A numerical investigation of variability in particulate organic matter transport and fate, phytoplankton and primary production, and denitrification in a partially mixed estuary

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In Chesapeake Bay substantial quantities of organic matter are produced during the spring bloom, which contributes to severe chronic bottom oxygen depletion during the summertime. However, the details of this transport in the estuarine system under realistic forcing is still unclear. In this Research, a three-dimensional model was used to investigate the production, transport, and fate of organic matter in Chesapeake Bay. Analysis of a control volume in the deep channel revealed that the sinking flux of fast-sinking particulate organic nitrogen (PON) into the deep channel is comparable to the horizontal advective transport. The model analysis also revealed a pronounced east to west transport of PON during the springtime and a tendency to export mass from the eastern shore to the deep channel and from the deep channel to the western shore of the Chesapeake Bay, and also a convergence of mass transport on the western shore. This transport is consistent with the lateral estuarine circulation in Chesapeake Bay that arises due to the asymmetry of the flood-neap tidal cycle. In addition, the model revealed that seasonal variations in wind alter the magnitude and distribution of organic matter flux in the along channel and cross channel direction, with northerly winds during the springtime favoring more northward organic matter transport and more organic matter accumulation in the deep channel, however, the lateral net flux direction remains the same.

In Chesapeake Bay, phytoplankton biomass typically peaks in spring whereas primary production peaks in summer. For this to happen, phytoplankton growth rates must be low in spring and high in summer and very likely there must be low grazing losses in spring and high grazing losses in summer as well. In this research, a three dimensional coupled physical-biological model is used to explore how these seasonal patterns in phytoplankton and primary production arise during the year from 2000 to 2005. It is shown that with the seasonal variation of maximum carbon to chlorophyll ratio, temperature control on phytoplankton growth, and temperature-dependent zooplankton grazing effects, my model can capture the spring peak in phytoplankton biomass and the summer peak in the primary production, agreeing well with the observations. The model simulates high phytoplankton growth rates in the summer, with the maximum growth rates occurring in late summer. The model also reveals that nutrient supply shifts from river-derived nitrate in the springtime to organic matter- derived ammonium during summer. The simulation results also reveal that a substantial fraction of the ammonium that supports the high summer production is derived from allochthonous transport rather than autochthonous ammonium production. The transport process provides as large as 50% ammonium needed for uptake during summertime in the mesohaline Chesapeake Bay. My research also confirms the importance of nutrient recycling in supporting high summer production in Chesapeake Bay.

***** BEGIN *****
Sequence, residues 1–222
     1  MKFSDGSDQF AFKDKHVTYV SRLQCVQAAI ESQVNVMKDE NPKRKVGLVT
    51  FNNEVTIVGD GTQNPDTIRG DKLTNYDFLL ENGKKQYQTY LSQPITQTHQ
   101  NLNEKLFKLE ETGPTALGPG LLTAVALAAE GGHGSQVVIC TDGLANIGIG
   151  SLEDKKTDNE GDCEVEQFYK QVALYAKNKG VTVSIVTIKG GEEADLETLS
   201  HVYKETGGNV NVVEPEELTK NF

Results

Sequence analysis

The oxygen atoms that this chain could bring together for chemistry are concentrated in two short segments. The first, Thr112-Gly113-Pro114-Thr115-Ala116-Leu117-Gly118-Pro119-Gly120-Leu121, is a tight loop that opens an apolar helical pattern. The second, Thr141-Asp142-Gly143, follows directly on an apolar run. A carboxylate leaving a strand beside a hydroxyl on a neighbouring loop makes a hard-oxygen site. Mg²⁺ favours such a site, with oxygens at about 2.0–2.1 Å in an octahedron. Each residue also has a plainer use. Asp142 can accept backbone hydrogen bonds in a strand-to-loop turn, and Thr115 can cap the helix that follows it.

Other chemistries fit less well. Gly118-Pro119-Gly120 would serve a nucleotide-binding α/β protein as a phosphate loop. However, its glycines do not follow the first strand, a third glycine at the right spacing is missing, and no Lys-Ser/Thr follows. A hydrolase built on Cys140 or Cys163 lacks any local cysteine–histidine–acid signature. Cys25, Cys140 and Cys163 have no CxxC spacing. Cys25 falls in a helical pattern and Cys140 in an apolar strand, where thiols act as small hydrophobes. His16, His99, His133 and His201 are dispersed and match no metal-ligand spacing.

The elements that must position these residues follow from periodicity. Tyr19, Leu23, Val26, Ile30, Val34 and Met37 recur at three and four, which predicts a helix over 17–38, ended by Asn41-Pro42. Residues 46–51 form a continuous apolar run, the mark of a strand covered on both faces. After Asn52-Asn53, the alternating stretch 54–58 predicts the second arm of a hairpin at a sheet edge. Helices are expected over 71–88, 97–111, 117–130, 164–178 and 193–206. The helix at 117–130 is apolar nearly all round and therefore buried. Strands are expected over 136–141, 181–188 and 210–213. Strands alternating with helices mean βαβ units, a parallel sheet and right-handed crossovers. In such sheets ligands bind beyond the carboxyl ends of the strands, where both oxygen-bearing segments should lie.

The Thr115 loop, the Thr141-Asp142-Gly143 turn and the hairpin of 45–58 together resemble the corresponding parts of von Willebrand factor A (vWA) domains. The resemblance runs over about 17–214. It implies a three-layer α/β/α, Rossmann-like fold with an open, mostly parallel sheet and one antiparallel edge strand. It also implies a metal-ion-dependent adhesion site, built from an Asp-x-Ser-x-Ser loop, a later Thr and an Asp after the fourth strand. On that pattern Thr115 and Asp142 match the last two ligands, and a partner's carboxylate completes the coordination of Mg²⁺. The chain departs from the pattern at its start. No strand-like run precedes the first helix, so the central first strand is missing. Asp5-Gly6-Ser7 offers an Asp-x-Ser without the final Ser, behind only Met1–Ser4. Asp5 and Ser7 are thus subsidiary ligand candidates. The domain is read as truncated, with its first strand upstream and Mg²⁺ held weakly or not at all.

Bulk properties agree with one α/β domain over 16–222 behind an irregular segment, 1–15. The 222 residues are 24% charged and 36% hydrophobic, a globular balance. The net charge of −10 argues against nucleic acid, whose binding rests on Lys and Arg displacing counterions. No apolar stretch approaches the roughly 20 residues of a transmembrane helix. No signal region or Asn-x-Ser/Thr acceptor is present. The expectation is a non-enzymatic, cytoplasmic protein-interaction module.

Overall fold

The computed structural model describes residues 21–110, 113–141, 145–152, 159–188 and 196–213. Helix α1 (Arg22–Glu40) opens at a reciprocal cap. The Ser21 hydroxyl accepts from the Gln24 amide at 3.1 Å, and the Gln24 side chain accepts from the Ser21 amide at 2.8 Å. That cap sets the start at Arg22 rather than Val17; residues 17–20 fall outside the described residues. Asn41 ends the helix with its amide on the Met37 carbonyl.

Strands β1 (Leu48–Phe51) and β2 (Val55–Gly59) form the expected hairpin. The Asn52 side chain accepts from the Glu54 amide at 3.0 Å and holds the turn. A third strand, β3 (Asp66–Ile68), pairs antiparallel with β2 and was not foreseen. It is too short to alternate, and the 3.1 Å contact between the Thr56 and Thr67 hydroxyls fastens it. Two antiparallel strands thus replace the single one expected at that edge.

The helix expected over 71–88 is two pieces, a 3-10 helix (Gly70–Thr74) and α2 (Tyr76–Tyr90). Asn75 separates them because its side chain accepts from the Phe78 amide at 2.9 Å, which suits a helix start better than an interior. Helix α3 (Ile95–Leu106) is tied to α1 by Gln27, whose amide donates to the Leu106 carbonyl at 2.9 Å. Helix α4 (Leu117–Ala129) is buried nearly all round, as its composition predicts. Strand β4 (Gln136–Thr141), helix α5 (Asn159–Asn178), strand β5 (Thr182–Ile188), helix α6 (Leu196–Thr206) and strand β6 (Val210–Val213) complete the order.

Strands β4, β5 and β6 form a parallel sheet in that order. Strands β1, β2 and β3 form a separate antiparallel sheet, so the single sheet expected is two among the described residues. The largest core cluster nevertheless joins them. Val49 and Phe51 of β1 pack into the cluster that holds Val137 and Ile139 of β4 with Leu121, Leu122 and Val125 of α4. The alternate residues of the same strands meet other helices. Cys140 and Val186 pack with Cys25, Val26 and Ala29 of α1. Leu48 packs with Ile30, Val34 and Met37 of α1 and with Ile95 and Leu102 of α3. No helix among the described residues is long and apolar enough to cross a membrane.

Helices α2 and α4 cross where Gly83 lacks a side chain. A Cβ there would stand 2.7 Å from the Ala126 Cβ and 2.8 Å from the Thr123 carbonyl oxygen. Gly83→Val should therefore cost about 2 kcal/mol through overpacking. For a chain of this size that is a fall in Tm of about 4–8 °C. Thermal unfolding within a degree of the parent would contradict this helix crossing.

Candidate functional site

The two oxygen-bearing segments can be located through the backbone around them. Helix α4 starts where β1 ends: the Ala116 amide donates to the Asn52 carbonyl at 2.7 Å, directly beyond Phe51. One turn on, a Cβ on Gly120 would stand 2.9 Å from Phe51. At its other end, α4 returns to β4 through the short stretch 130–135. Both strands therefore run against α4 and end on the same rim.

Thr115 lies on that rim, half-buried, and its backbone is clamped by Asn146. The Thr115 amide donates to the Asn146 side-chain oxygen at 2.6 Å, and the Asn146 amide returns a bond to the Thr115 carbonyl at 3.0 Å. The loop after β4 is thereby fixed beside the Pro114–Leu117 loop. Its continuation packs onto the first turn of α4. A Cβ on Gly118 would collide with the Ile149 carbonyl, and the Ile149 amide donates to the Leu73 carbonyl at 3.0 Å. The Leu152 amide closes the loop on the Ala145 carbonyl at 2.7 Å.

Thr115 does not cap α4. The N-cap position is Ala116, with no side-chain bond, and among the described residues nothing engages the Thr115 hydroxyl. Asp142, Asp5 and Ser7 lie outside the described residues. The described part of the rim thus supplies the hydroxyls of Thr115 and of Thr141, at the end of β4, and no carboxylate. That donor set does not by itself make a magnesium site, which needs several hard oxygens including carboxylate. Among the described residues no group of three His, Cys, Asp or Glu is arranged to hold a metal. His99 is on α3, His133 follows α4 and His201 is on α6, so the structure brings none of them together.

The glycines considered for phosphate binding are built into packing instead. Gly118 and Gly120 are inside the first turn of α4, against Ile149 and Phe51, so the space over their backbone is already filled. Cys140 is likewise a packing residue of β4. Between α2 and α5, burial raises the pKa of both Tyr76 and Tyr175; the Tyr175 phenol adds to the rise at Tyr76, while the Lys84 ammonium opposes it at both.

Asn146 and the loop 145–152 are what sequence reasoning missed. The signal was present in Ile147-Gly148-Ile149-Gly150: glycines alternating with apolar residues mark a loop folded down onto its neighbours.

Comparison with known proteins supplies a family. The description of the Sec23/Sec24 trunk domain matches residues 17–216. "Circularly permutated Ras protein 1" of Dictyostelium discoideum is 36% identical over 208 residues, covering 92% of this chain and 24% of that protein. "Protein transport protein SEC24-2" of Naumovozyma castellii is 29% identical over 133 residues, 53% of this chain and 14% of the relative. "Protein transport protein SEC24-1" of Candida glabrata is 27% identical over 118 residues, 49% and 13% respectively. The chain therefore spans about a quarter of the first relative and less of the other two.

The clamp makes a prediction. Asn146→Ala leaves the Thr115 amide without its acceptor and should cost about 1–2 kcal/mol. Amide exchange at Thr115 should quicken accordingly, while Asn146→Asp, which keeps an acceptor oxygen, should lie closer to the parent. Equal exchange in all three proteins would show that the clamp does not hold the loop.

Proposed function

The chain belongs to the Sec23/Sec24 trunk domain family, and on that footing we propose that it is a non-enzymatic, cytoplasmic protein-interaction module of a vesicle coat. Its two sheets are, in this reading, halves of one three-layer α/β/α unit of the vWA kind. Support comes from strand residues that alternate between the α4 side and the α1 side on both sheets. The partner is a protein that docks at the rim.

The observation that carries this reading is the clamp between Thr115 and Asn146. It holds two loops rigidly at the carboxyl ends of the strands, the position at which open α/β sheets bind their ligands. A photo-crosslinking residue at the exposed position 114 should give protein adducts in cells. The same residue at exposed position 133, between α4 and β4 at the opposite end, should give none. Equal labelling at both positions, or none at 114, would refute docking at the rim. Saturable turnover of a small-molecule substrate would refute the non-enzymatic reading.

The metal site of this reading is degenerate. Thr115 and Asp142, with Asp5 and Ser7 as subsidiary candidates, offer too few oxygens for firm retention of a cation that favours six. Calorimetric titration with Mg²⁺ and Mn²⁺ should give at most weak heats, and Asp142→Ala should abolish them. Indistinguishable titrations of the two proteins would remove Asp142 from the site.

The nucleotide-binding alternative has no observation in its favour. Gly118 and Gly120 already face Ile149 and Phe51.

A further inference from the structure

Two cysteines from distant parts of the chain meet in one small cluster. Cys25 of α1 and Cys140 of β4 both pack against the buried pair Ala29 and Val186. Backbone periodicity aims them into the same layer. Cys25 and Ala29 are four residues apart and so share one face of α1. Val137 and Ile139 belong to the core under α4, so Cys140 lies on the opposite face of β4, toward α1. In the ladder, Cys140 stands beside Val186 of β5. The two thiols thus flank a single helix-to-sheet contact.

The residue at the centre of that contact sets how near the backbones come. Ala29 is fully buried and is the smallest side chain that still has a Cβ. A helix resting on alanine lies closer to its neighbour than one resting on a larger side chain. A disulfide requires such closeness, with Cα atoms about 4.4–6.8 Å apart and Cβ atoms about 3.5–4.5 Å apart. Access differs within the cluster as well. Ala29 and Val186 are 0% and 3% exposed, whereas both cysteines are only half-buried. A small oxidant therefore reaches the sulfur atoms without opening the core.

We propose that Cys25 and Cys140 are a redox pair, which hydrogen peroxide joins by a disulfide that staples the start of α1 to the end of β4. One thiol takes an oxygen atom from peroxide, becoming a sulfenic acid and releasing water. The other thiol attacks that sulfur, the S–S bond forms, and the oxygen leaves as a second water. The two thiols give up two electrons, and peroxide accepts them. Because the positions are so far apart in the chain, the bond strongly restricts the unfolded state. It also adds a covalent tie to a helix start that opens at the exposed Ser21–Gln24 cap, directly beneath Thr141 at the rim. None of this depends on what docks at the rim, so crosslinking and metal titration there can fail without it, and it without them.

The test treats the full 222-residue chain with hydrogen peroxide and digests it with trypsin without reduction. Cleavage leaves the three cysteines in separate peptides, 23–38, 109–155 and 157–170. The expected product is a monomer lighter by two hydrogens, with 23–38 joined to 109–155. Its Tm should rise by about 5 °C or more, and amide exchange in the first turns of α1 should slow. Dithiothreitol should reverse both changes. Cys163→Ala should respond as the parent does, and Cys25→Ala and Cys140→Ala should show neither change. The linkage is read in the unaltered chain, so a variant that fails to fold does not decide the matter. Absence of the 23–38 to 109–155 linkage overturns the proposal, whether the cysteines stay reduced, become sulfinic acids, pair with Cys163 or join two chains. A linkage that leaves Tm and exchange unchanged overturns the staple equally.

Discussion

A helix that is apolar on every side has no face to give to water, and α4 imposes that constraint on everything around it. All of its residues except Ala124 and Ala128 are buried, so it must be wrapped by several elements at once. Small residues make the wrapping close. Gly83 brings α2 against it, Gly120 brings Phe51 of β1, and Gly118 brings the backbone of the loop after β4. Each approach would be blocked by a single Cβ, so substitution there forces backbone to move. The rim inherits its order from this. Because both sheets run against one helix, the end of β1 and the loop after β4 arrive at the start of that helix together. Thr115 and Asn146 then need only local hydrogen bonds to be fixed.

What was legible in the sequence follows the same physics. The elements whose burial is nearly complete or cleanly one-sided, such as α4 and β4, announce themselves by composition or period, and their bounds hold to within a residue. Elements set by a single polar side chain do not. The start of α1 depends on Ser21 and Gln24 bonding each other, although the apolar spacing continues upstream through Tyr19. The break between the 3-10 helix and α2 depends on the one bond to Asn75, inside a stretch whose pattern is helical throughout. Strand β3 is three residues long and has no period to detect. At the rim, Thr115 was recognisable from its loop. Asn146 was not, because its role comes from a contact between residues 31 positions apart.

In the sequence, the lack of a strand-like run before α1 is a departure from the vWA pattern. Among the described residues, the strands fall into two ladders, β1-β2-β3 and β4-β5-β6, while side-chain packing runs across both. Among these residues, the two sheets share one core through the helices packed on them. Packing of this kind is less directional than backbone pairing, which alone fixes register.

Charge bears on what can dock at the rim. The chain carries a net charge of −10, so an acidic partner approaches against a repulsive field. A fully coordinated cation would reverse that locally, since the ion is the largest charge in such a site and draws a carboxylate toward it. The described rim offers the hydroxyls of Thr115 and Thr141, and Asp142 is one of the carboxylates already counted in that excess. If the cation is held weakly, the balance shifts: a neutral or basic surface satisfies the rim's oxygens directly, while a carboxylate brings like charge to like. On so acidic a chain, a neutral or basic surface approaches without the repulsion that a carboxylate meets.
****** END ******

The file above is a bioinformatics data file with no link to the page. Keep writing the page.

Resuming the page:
Denitrification is an essential process in the marine nitrogen cycle because it removes bioavailable nitrogen from the aquatic system. Current understanding of denitrification variability in Chesapeake Bay is severely constrained by the sparse observations that provide insufficient coverage in both space and time. In this research, denitrification variability is examined in the Chesapeake Bay using a three dimensional coupled physical-biogeochemical model based on the Regional Ocean Modelling System (ROMS). Model simulations indicate that denitrification occurs not only in the sediment but also in the water column at significant, though somewhat lower rates. Model results indicated that the water column accounts for around 7.5% of the total denitrification amount that occurred in the system during the 2001 and 2002 period of this study. This conflicts with the historical assumption that water column denitrification in Chesapeake Bay is negligible. The model also reveals the spatial patterns in denitrification with more denitrification occurring in the upper to middle bay due to higher availability of organic matter in these areas compared to the lower bay. In terms of temporal variability, denitrification peaks in the sediment in spring while in the water column it peaks in the summer. The reason for this difference in the timing is related to the availability of oxygen: In the spring oxygen levels in the water column are too high to allow denitrification so it happens only in the sediment where low oxygen levels persist all year around. In summer low oxygen and depletion of nitrate below the pycnocline completely shuts down denitrification in the sediment in the mesohaline and polyhaline region of the by. However, water column denitrification continues at the interface between oxygenated waters near the surface and oxygen-depleted waters below where coupled nitrification-denitrification happens. The model also reveals that denitrification removes significant quantities of biologically available nitrogen, meaning that without this process, more summertime primary production would occur in the form of more surface chlorophyll, increasing as much as 10ug/L in the middle bay region, which would, in turn, lead to more oxygen depletion.